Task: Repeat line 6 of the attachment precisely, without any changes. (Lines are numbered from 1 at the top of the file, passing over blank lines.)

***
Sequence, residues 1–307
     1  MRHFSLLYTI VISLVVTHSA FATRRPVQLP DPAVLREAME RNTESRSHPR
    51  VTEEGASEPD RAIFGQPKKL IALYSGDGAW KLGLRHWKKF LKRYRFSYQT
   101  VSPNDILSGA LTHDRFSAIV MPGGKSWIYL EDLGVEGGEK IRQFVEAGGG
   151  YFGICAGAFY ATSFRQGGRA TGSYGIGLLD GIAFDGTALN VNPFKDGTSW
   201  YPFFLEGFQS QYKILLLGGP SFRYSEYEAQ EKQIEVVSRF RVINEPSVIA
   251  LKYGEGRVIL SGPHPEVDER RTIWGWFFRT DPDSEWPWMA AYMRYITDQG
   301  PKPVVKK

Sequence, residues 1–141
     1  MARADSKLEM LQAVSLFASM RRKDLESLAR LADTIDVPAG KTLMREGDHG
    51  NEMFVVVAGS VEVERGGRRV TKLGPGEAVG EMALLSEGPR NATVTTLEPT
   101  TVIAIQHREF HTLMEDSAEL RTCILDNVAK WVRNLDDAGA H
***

   201  YPFFLEGFQS QYKILLLGGP SFRYSEYEAQ EKQIEVVSRF RVINEPSVIA